In February, there are two; the first one occurs on the same night as Jupiter and the Moon make a close approach. Basically, most of us see a close approach – but people in a certain part of the world will see them so “close” that the Moon actually passes in front of Jupiter. What region will that be? Far southern South America; here‘s a map to show you the region in case you call that part of the world home.

February 25 – Close Approach of the Moon & Uranus

If you have a telescope or high-powered astronomy binoculars and want an excuse to pull them out again before the month ends, here’s your opportunity: in the dawn hours of February 25th, the few-days-old Moon and Uranus will have a close approach, appearing just 1°10′ apart. There won’t be a lunar occultation this time around (the last one of 2023 happened in January), but the Moon will be a nice guide for trying to see distant, icy Uranus if you’ve never looked for it before.

February 27 – Close Approach of the Moon & Mars

Mars - cafuego via Flickr
Photo credit: cafuego via Flickr

The final “close approach” in the February night sky occurs as the month comes to a close: on the night of February 27th, the Moon will cozy up to rusty, dusty Mars. At their closest, they’ll be just 1°03′ apart in the sky, and quite the eye-catching pair sitting high in the night sky. There is no equipment necessary to spot our planet’s largest satellite and nearest planetary neighbor.

February 27 – Lunar Occultation of Mars

Just like with Jupiter earlier in the month, the Moon will pass in front of Mars from the perspective of some areas on Earth, on the same night as most of us see a close approach between the two. While I generally consider it unlikely that anyone reading this resides in the far north Arctic regions of the world or northeastern Greenland – if you are – you’ll be able to see the lunar occultation of mars from there. Here‘s a helpful map if you want to double-check whether you happen to be in the zone where it will be visible.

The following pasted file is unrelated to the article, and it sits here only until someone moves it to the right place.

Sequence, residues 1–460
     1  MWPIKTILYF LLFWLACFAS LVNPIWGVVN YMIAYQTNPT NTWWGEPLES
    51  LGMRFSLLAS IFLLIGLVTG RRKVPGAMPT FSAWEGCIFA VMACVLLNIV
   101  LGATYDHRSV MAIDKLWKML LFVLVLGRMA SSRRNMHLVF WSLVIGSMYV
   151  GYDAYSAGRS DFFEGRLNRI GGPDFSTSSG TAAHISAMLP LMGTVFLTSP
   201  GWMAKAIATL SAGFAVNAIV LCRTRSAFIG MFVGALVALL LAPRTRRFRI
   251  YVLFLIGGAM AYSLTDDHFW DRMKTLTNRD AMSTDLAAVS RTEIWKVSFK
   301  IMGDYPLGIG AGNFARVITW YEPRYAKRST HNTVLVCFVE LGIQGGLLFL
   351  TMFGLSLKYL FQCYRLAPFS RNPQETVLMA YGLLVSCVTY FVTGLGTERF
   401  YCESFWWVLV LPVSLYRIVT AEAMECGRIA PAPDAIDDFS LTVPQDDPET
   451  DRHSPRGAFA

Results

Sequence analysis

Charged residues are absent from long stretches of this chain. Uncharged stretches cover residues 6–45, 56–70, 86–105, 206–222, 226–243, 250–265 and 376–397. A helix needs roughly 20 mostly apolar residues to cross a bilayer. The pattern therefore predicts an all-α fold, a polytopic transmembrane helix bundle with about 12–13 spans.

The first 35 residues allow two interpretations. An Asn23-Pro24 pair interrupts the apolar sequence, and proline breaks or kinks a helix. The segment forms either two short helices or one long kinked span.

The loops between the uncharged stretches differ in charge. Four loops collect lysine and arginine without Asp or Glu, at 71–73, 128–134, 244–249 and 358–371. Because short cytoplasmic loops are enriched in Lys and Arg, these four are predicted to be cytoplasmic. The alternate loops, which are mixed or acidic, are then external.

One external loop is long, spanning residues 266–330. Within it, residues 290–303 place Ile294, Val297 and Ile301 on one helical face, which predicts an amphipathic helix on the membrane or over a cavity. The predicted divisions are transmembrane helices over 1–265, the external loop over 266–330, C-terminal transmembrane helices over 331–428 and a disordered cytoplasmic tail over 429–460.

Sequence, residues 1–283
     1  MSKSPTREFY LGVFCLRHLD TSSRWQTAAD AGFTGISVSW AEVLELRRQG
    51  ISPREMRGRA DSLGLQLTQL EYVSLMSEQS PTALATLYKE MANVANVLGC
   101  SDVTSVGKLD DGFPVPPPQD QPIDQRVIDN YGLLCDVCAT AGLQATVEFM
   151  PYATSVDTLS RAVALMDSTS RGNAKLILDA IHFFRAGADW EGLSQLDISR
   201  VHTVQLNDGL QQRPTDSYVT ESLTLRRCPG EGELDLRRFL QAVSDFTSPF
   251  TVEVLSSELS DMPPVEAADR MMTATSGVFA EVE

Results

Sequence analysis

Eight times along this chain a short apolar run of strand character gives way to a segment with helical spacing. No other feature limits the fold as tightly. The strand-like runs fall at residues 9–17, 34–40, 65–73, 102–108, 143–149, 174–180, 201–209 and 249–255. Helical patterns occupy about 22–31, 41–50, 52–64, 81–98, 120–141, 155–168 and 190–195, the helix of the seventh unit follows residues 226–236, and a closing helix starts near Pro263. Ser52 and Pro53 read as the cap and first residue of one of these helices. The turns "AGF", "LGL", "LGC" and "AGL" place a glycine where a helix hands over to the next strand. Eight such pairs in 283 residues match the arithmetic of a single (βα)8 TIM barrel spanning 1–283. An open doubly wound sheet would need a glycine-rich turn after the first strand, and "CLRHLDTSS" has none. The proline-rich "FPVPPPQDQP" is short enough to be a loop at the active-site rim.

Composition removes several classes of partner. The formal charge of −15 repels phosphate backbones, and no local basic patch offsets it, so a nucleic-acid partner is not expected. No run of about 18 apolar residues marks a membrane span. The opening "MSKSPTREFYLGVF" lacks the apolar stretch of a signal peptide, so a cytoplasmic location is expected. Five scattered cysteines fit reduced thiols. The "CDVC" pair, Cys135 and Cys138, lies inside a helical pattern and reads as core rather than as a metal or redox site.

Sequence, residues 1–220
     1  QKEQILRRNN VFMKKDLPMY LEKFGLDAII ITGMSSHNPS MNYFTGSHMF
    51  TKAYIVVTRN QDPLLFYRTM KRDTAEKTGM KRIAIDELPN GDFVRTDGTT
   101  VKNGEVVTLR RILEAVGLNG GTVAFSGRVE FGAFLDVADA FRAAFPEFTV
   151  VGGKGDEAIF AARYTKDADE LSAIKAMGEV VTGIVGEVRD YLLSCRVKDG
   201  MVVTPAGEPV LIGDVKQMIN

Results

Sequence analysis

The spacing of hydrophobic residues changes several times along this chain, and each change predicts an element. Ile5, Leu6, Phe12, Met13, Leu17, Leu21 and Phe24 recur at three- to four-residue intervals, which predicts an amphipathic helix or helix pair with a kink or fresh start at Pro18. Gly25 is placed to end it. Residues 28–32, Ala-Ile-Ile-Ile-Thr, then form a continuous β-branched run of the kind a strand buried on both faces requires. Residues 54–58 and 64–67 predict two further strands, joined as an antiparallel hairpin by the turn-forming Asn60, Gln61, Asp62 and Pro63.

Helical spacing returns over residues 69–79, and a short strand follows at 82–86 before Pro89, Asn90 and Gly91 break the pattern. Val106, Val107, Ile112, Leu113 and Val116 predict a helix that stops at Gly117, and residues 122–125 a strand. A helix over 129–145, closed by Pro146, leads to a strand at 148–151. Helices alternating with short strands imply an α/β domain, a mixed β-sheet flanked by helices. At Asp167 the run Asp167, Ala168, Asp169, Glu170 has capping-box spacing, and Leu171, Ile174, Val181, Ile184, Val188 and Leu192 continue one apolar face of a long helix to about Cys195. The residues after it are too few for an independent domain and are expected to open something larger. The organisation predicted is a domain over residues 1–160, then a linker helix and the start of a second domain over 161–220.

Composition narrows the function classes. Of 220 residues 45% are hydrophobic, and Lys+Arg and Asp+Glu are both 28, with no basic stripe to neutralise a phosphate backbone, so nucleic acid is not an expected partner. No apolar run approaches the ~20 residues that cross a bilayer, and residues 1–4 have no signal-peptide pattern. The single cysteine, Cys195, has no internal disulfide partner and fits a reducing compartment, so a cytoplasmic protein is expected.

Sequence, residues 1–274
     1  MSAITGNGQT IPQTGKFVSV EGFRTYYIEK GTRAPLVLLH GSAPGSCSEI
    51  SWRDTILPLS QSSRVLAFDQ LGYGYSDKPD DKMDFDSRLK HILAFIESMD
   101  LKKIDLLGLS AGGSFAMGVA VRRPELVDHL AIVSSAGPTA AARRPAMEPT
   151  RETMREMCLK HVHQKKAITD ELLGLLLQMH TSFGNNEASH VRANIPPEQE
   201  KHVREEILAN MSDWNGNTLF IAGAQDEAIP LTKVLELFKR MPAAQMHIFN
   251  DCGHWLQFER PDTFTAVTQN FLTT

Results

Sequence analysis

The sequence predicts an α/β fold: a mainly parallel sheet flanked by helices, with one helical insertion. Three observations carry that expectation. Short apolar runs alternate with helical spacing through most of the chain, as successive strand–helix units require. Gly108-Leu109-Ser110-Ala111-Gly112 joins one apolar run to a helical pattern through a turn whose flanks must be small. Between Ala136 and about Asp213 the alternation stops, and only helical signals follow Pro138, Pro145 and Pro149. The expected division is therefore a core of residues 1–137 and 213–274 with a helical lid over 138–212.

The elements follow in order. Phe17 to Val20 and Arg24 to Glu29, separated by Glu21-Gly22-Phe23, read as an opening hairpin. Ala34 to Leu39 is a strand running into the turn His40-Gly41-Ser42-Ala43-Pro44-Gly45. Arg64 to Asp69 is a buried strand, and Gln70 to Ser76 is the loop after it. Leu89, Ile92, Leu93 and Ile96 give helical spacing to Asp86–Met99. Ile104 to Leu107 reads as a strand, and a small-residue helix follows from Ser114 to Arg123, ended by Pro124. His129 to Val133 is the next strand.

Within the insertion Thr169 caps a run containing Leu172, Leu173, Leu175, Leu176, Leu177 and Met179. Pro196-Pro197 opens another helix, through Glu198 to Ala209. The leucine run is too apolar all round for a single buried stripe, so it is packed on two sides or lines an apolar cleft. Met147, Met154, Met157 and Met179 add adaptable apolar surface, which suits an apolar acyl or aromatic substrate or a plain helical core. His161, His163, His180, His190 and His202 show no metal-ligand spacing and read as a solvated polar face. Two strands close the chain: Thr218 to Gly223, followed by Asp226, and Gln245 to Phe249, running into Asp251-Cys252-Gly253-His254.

While February isn’t as astronomically bombastic as other months, there are still a few interesting night sky events worth heading out and setting up your telescope for. Do you have questions about these night sky events in February? Let me know in the comments!

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Valerie is the founder and editor of Space Tourism Guide. She grew up in Alaska, has lived across the U.S., and traveled around the world to enjoy the night sky from many different perspectives. Join her on this journey to explore space right here on earth.


  • John Rowland

    For Feb 18th and referring to the Moon and Mars, you say, “They’ll appear roughly 0°45′ from one another in the pre-dawn hours before they both set in the southeastern sky.”
    Both SET in the southeastern sky! Are you sure? Don’t you mean, “They’ll appear roughly 0°45′ from one another in the pre-dawn hours before they are lost in the sunrise glow.”

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      Valerie Stimac

      Thanks for commenting, Bobby. It’s worth noting that the α-Centaurid meteor shower only averages 5 meteors per hour on its peak night – so you might have only seen 1-2 during a 15-minute window, assuming you had perfect viewing conditions and darkness. Wishing you better luck next time!

  • Francis Sanker

    Hiya Valerie……cool site!
    I`m francis from Altoona,Pa. I`m 65 yrs old and love the night sky. Although this location (cityish) usually yields only the brightest planets, last evening Feb. 15th 2023 it was a clear night with a breeze which showed more than usual objects out there. Today I`ve been trying to find a site that would show pretty much everything I could see from central Penna but haven`t found it. One site showed what planets to see but that was it. Anyhow….. around 10:00 pm as I faced mostly west….and looked up to an approx halfway point between straight up and horizon (say a 2-3 oclock position I seen 3 faint objects that were together horizontally. If you could raise your arm up and hold three fingers together and point to it, that was how close together they were. They were all of the same brightness magnitude. At first I though maybe it was part of “starlink” but they didn`t move. and an hour later they were still there just a little further along (earth spin). Anyhow Valerie I don`t know if your site is still active but would love to hear from you if you have an idea as to what stars,constilations,ect. that may have been in close conjuntion last night. It was very cool! Thanks Valerie……Francis

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      Valerie Stimac

      I’m confused why you’re asking if my site is still active – I’ve been posting regularly for years!

      I’m not sure what you saw, but I always use the app Night Sky on my phone when I’m out trying to identify night sky objects I’m not familiar with, or you can use this site to input your location, date, and time to try and figure out what you saw: